• The Notice states that NIH will archive manuscripts submitted by authors and any appropriate supplementary information in PMC. Will manuscripts received by NIH pursuant to such procedure be subject to disclosure in response to a Freedom of Information Act request before six months after the date of publication? Are there other legal ramifications of such a submission to NIH, such as establishing a date of publication for purposes of patent law issues? 
  • The Notice states that the manuscript will be made available to the public six months after “publication.” The Notice does not define what constitutes “publication.” NIH should define clearly when NIH considers that a supported research study is “published” for purposes of public posting. When exactly does the “clock start ticking” for the obligatory six month deadline for making the manuscript available on PMC. ASM recommends that “publication” should be defined to mean the date a peer-reviewed journal containing the article is issued by a publisher. 
  • ASM strongly recommends that, if a publisher permits public posting of the publisher’s published article six months after publication, only the final published article be provided to NIH. ASM currently posts full text and figures to PMC of articles six months after issuance of the journal containing the article; ASM, therefore, is especially interested in the procedure for posting a published article on PMC six months after publication. The Notice states that “if the publisher requests” the manuscript will be replaced in the PMC archive by the final publisher’s copy with an appropriate link to the publisher’s electronic database. If a publisher permits posting of the publisher’s copy by PMC six months after publication, there does not appear to be any reason for an author to submit a copy of the manuscript prior to publication. In fact, because the manuscript is not to be publicly available for six months (as ASM understands the Notice), such submission merely duplicates costs and creates the possibility of a public posting of varying versions of the same article when the published article is provided. The resource requirements and their justification must be evaluated to make the optimal use of resources. When a publisher expresses a willingness to cooperate with the posting of a published article by PMC six months after publication, limiting the submission to final published papers at six months would accomplish the goal of supporting public access to results and accomplishments of NIH-supported studies without a preliminary submission of an unpublished manuscript and would eliminate the possibility of a later public posting of both a manuscript and a published article that might well vary from the original manuscript.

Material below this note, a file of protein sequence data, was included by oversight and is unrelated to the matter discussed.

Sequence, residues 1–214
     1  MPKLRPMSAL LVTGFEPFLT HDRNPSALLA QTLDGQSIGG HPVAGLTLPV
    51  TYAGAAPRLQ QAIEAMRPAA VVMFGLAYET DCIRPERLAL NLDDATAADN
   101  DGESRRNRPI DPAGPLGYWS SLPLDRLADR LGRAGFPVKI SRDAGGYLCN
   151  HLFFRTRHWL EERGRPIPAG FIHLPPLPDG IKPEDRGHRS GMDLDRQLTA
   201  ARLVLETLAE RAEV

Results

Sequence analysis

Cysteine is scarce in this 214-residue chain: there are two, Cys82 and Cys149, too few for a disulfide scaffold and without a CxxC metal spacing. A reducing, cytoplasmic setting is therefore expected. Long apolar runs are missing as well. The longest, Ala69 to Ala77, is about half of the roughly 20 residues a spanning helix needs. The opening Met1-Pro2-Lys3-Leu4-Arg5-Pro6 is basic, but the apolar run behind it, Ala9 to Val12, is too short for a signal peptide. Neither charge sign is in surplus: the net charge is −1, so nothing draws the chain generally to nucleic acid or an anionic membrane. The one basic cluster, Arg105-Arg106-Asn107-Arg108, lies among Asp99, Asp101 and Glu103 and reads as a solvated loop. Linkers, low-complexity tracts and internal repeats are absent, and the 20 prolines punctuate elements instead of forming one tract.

• Is it the responsibility of a publisher to provide PMC the final published version of the manuscript and how will publishers work with PMC to accomplish the replacement in the PMC archive of an individual paper when the paper is part of a journal? It is important that the PMC make available the final, published version of each manuscript, not the author’s originally accepted manuscript. Only one final version of a paper should be extant, and the version of record should be the one available to the public. There should be a link from PMC to a journal’s web site for a final posted article. 
  • How will the grantee submit electronic copies of final-version manuscripts upon acceptance for publication to PMC? This requirement deserves further consideration. Will NIH provide and enforce standards for the electronic format for this submission? This step could be expensive, time consuming and burdensome and consideration should be given to eliminating this requirement in view of the need and desirability to have one final published article in the database. As set forth above, when a publisher permits posting of an article, this appears to be a redundant and unnecessary requirement. If the PMC becomes the final arbiter of the technical guidelines for the transmission and posting of electronic manuscripts, will assurances be provided that such guidelines keep pace with developments in the field?